This thesis proposes staged empathy as a new analytical framework to examine how virtual reality work provokes empathic feeling. Virtual reality has seen renewed interest in recent years, and has been hailed by journalists and practitioners as an “empathy machine”. This characterization is informal and assumes that feelings of presence and a first-person perspective alone will drive empathic feeling. A critical method for analyzing how virtual reality work engages with the concept of empathy (specifically defined as “inner imitation for the purpose of gaining knowledge of another”) does not exist. This thesis reviews the intellectual history of empathy (prior to the diversification of the term in social psychology to refer to a host of social behaviors) to derive a theoretical foundation to staged empathy A staged empathy framework foregrounds process and reflexivity, innate aspects of empathizing, and introduces an externalized and performed model for empathizing that is facilitated by virtual reality. To construct this framework, a variety of contemporary virtual reality works are studied which suggest the emergence of specific techniques that are referred to in this thesis as “intentional looking” and “direct address”. Applying theories of affordances and revealed phantasms from environmental philosophy and cultural computing to these techniques, staged empathy provides a framework for the analysis of virtual reality work that is sensitive to the new potentials of the medium as well as the limitations of empathy.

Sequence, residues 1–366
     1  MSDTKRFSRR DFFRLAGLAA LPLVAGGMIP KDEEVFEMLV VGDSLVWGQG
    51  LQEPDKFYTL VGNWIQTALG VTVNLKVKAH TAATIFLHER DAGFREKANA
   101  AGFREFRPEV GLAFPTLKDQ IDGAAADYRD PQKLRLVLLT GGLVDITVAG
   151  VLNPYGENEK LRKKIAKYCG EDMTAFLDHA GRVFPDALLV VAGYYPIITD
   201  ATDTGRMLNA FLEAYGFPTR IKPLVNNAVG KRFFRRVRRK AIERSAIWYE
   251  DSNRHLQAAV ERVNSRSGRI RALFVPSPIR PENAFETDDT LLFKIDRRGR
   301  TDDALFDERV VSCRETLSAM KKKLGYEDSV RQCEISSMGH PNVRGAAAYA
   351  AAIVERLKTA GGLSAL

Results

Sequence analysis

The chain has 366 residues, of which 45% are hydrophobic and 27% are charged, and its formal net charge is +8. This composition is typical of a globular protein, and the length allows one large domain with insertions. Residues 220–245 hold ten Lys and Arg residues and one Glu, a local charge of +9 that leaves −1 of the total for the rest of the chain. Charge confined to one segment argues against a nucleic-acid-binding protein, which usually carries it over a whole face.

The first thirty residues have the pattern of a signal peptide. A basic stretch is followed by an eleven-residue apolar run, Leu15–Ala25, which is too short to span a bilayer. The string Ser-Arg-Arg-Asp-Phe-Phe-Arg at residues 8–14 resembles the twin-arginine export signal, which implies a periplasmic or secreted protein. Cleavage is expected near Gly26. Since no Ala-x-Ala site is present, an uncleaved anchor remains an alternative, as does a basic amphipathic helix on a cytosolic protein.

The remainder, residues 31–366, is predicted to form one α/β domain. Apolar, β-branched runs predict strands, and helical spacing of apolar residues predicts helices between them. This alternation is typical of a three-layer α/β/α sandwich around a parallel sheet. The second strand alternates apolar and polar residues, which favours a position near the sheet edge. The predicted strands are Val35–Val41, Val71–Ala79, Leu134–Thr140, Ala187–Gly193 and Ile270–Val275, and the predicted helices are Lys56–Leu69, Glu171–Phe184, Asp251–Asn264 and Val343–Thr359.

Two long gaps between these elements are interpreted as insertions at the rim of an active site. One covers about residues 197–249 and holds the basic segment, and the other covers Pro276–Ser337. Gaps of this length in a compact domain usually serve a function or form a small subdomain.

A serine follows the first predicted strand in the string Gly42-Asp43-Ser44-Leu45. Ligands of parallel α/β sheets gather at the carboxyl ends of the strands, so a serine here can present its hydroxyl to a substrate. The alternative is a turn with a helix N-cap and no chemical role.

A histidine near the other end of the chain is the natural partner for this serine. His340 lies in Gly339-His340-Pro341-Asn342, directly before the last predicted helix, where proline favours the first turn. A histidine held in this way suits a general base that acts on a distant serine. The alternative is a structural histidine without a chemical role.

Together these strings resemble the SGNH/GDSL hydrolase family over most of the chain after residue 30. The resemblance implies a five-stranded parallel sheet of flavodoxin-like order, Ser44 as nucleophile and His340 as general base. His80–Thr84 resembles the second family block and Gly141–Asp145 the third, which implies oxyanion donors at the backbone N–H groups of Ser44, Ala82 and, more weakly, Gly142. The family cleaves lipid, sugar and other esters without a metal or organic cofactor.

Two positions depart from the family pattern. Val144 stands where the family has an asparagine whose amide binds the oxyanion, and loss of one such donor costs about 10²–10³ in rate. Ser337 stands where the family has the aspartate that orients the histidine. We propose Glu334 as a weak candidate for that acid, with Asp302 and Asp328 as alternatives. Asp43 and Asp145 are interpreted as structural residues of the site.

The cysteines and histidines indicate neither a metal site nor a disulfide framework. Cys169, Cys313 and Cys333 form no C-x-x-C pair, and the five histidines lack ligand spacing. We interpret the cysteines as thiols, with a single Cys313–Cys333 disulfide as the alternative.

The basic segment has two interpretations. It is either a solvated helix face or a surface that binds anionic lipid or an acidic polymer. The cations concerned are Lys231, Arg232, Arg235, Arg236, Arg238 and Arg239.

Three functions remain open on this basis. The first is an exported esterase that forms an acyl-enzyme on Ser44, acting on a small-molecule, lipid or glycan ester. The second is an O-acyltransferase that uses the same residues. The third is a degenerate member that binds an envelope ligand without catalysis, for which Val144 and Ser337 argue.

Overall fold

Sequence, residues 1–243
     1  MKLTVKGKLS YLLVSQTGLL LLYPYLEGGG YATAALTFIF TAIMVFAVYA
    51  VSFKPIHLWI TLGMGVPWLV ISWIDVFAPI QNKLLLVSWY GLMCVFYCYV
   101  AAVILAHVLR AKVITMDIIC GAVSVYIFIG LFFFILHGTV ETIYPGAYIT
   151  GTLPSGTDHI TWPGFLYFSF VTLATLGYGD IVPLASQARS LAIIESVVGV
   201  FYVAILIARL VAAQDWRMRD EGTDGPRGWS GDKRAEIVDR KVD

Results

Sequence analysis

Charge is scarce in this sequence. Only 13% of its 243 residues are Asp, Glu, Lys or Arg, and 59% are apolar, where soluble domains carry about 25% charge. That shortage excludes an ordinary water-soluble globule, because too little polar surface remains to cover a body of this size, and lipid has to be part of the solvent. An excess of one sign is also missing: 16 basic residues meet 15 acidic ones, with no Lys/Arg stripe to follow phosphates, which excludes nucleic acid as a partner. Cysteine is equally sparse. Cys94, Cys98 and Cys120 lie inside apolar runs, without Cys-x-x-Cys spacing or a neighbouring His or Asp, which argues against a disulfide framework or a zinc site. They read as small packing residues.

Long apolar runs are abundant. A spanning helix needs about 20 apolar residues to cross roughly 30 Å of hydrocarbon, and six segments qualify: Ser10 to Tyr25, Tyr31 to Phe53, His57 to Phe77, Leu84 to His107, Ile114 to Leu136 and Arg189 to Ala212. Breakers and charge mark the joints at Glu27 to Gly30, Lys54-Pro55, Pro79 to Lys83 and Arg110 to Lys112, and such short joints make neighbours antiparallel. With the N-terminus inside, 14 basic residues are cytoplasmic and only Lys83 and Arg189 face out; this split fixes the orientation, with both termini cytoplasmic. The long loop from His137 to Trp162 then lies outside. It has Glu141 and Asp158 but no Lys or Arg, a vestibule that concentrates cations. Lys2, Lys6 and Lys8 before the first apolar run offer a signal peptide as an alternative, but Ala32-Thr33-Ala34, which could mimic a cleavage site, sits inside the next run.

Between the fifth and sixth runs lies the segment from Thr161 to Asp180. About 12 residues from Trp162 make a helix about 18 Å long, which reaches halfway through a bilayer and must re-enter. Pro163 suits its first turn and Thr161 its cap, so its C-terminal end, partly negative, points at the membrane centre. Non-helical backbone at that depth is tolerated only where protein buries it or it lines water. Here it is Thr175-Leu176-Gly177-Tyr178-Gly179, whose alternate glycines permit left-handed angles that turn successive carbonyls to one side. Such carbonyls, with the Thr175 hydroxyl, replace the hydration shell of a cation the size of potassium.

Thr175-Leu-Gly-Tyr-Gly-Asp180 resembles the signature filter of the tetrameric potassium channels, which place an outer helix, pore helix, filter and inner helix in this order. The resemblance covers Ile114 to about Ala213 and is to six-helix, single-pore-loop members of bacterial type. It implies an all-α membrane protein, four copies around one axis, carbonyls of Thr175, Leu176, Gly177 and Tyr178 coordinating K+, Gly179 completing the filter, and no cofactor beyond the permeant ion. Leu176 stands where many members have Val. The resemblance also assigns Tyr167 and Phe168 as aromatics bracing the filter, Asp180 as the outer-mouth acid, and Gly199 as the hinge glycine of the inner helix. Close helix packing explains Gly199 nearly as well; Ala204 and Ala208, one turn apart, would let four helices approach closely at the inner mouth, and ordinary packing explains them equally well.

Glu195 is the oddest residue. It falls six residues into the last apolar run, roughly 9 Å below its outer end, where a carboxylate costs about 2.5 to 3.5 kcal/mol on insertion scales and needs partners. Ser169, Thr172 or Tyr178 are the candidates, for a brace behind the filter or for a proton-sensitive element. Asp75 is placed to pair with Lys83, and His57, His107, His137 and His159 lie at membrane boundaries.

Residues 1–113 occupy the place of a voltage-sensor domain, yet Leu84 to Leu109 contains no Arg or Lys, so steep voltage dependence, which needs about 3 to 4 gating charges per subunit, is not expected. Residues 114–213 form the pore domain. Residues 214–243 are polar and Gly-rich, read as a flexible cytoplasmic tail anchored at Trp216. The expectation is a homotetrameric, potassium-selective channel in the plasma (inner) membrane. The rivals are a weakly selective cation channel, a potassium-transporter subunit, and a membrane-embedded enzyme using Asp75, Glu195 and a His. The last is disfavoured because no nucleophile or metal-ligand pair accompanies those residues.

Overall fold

About Ainsley Sutherland
Ainsley graduated from the University of Chicago with a B.A. in Economics.
Ainsley has design experience in games, education, software, and transmedia production. Prior to graduate school, she worked at Game Changer Chicago, where she co-designed transmedia games and stories with youth.
Ainsley is from Baltimore and has a dog named Koda.